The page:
Noun phrases can be of any length, from one word to very many words. This activity is a team competition where students' goal is to score as many points as they can by creating longer and longer noun phrases. As they do this, they will implicitly rely on their knowledge of grammar, and they will begin to see a range of different ways to expand noun phrases.

Nouning verbs

This is a simple starter activity that will help your students see how some words can function as both nouns and verbs. The activity is designed to be carried out in pairs around the class. One student be the noun and the other will be the verb. Each will need the same word list (which you can download and print below) or you can just use the word list on the screen.

Passives in use

The slides in the Activity page in the right hand menu contain examples of passives from real writing. Have students do the following:

Passives in use: Activity

Extract A (from a student exam paper on emotion)

Furthermore there is evidence that supports these bodily changes as being essential to an emotional state. This evidence involved testing patients with spine severances. The patients were interviewed and tested in a laboratory and results consistently showed that the higher the spine severance the less patients reported being able to ‘feel’ an emotion.

Phrase types: Snap

This is a simple game based on the idea of ‘Snap!’ in which you have to match up phrases with other phrases of the same type. The game can be played in class with cards. To print off your own sheet of snap cards to play in class, click on the downloadable handout below. Then print and cut out the cards. Pairs of students turn over one card at a time, and if they each put down a phrase of the same type, they call 'Snap'. The first to call 'Snap' wins the pile of cards. Play continues until one player holds all the cards.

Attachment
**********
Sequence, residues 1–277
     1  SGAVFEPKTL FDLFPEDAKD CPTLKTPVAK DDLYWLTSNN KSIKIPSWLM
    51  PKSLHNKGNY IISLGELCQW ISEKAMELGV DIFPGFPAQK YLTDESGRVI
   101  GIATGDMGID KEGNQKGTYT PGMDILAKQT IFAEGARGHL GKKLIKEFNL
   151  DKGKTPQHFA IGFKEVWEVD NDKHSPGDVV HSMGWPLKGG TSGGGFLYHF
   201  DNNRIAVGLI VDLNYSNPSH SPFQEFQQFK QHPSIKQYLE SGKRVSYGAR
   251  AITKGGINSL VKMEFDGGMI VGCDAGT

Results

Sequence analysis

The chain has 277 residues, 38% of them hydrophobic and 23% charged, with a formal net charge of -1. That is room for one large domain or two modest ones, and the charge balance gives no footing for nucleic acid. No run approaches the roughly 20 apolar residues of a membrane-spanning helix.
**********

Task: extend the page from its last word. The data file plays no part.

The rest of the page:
Pitching a product

In this resource, students will be studying two extracts of very different sales pitches from the BBC show The Apprentice. Contestants on The Apprentice had to design an app for a smartphone and then pitch it to an audience at a technology fair. The pitches are printed in the handout that can be downloaded and printed at the bottom of this page.

To help students analyse the extracts, ask them the following questions, which are also included in the handout:

Can you see any features of spontaneous talk being used in either extract?

Politeness and directness

This task is about using verbs and modal verbs in different ways. We all know that people can be direct or indirect in the ways they phrase things. We often use imperative forms to give instructions, but sometimes these might be seen as too direct and blunt. We sometimes soften them with modal verbs, among other tools.

Politeness and directness: Activity

Try to make the following expressions less direct. Compose alternative sentences for each one.

  1. Shut the window.
  2. Tell me your name.
  3. Stop talking.

What changes did you make to render the expressions less direct? 

Now, make the following expressions more direct. Compose an alternative sentence for each example.

Prepositions in instructional writing

Prepositions are particularly important when trying to communicate instructions about time and place.

The Activity page appears in the menu entitled 'This Unit' in the upper right corner of this page. The Activity page contains one slide: an example of instructional writing from our corpus. You can see that quite precise instructions are given as part of a recipe. It is reprinted below with the prepositions highlighted.


Prepositions in instructional writing: Activity


Cut the meat into even-sized cubes, leaving any fat, but removing all gristle.

Process for 10 seconds, scrape the sides. Make sure the meat is thoroughly evenly cut, then turn the meat into a separate bowl.

Add the onion and egg yolk to the bowl and process until the food is pureed, add salt and pepper to the meat.

Regional vocabulary

In the work you’ve done so far on ways to identify word classes, you have seen that many words can be identified by form, function and distribution.

In this activity, we’ll look at how you might use these ideas to identify some words which appear in regional varieties of English. You’ll see examples of regional dialect terms in the context which they were used, and your task will be to work out what grammatical role the word is performing.


Englicious contains many resources for English language in schools, but the vast majority of them require you to register and log in first. For more information, see What is Englicious?

Englicious (C) Survey of English Usage, UCL, 2012-15 | Supported by the AHRC and EPSRC. | Cookies